Monthly Archives: May 2015

Slackers and IT

Go read “Science Fiction Is for Slackers.”

As a rule, science fiction may be the laziest of all genres, not because the stories themselves are too facile—they can be just as sophisticated and challenging as those of any other genre—but because they often revel in easy solutions: Why walk when you can warp? Why talk when you’re a telepath? Technology in such stories typically has more to do with workarounds than it does with work.

I do love science fiction. From robots/AI to star travel to virtual reality. I love it all. I may even love it BECAUSE of the laziness. I’d love to have all these things to make my life better. And much of science fiction influences technologists into making decisions to make the fiction a reality.

The How Shatner Changed the World (mock) documentary talks about the technologies of Star Trek and how scientists work towards making these things reality. Faster than light travel and cybernetics are still aspirant. But cell phones and personal computers were influenced by technologists familiar with the show and movies.

At times I worry about automation putting me out of a job, but then I remember my career goal is always to replace myself with a tiny shell script. Why click when I can script? Why script when I can tell an AI to handle it? Sure it takes away some of my responsibilities, but what I am supposed to do has always changed. And I get better challenging work when I free myself from mundane tasks.

Guess this is why I told Puppet Labs my job is an Automation Evangelist. It’s not universal. I have allies, but convincing people of the good in automation is much like changing their religion.

Back in college I was encouraged to become a librarian. More specifically, people thought I should become an automation librarian. I guess the automation part stuck?

The post Slackers and IT appeared first on Rants, Raves, and Rhetoric v4.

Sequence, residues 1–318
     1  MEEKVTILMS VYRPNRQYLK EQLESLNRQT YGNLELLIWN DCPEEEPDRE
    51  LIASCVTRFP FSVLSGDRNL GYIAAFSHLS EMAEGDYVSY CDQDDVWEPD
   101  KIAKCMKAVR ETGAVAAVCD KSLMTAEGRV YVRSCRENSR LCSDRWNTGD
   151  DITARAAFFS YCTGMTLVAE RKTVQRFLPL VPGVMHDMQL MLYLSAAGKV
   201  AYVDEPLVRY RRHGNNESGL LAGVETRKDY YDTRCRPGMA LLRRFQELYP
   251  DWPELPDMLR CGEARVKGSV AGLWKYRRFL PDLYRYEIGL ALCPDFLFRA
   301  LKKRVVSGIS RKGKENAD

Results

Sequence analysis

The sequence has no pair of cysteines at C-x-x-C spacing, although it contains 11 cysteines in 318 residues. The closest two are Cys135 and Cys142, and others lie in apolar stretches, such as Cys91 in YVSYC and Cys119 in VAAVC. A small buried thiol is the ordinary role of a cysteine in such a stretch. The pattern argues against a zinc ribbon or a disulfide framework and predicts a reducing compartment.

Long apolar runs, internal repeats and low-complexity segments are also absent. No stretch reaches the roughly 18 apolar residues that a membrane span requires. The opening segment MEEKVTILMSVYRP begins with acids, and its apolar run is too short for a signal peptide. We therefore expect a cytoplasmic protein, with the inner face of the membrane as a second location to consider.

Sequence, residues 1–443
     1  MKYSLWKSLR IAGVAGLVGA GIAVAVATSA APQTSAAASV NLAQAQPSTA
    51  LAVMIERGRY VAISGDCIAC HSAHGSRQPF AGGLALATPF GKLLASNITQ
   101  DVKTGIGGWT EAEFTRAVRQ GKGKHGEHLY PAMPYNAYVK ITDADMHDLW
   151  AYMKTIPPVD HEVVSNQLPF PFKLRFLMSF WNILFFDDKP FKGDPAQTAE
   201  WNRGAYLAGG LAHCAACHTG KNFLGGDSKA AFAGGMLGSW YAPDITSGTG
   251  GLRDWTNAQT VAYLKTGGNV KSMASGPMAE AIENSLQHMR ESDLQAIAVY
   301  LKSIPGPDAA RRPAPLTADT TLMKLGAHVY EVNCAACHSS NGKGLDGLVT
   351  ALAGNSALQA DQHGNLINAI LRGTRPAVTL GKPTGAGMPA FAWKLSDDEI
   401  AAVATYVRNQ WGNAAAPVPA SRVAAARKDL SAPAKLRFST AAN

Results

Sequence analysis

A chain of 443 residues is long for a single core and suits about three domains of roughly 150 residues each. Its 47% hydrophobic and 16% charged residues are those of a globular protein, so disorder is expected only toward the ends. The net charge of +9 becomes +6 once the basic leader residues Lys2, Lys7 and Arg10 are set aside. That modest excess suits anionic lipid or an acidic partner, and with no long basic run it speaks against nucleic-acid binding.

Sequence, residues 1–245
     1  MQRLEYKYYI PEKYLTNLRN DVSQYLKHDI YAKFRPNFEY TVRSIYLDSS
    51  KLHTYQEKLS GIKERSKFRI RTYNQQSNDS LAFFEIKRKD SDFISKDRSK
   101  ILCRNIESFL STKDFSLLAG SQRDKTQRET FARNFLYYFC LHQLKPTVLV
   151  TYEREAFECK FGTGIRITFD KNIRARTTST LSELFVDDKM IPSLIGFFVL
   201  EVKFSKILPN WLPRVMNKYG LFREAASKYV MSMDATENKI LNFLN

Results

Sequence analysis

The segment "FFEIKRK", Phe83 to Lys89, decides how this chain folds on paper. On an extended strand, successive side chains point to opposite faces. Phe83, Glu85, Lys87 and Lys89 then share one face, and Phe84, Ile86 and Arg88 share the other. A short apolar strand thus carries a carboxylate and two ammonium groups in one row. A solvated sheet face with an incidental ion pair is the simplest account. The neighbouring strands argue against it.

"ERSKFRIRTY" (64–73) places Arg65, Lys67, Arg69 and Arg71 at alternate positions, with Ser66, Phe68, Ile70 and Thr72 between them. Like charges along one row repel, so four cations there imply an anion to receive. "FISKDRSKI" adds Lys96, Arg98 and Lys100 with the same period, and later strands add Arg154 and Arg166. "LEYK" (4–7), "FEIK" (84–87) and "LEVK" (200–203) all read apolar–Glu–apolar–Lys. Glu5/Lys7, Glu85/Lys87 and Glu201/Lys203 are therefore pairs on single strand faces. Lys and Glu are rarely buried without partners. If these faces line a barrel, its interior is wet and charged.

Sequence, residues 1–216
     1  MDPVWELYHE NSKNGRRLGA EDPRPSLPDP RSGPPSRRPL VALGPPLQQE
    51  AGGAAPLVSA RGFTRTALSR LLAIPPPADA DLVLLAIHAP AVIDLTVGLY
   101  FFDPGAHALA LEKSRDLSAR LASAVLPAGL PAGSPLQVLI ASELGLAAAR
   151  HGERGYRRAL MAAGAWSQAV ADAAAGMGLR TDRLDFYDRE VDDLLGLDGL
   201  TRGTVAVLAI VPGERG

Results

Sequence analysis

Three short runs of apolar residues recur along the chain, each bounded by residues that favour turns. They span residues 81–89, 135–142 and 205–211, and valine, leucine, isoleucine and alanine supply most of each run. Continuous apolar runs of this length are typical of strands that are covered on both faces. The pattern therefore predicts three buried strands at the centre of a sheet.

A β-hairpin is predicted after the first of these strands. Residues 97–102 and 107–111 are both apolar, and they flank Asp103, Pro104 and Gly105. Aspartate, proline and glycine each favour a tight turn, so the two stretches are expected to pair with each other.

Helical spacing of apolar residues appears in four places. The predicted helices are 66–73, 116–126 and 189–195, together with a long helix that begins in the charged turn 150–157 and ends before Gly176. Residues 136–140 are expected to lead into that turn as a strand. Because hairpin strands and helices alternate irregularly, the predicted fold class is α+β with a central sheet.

From Slackers and IT published May 29, 2015 at 07:05AM.

Separating Bash Histories

Years ago, maybe 2011 based on the age of files, our Systems group moved our Linux home directories to a central system. My only real complaint about this move was finding anything I needed in my Bash history. See, I am terrible at remembering things and often make typos. It is easier to go back in my history to a prior command and either run it or modify that one and run. The same home directory across all these systems complicated things by co-mingling commands. I was able to find things. Just eventually. That seemed inefficient.

Eventually, this situation annoyed me to the point I decided to fix it. And the fix was so simple it is amazing that I did not immediately address it rather than suffering with it for a couple years. (Well, actually, we picked Desire2Learn before the change so 90% of my server responsibilities were on Windows. Only when I was promoted to a Technology Strategist and returned to majority work in Linux did it get annoying enough to address.)

The fix? Add hostname to the HISTFILE variable in .bash_profile.

export HISTFILE=”${HOME}/.bash_history.`hostname`”

Apparently I made the change back on December 18th. In the six months since, I have not noticed any oddities with the history. This morning I noticed that I have about twenty different host named history files of various sizes and dates.

Given the number of files, while writing this post, I decided to re-organize these into a directory. (An organized home directory is a happy home directory. Heh.)

export HISTFILE=”${HOME}/.bash_history/.bash_history.`hostname`”

Then I ran these.

mv .bash_history
mkdir .bash_history
mv .bash_history.* .bash_history

Then I exited which dumped that session’s history into a file in the old location. I logged in again and used cat and the output redirect to append those new lines to the correct file in the new location.

Exited again and logged in again. And everything still looks good.

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From Separating Bash Histories published May 28, 2015 at 10:40AM.

RollCall For The Helicopter Child

The AJC had an interesting article about RollCall Safety Text, an app which automates “I’m OK” messages for loved ones. Failing to get such a message lets someone know something might be wrong. The intended audience is for kids off at college to send these to parents. There is a note near the bottom:

While the app came about with college students in mind, Thomas says it can also be useful to people who have family members whom they don’t see or hear from daily.

This fits my situation with my parents. I guess that makes me a helicopter child. (OK that’s hyperbolic.) Both are pretty independent and quite capable. But, if something were to happen, then it very well could be a long time before someone noticed. I’m reminded of a great-aunt who had a stroke and no one knew until her neighbors noticed her in the yard.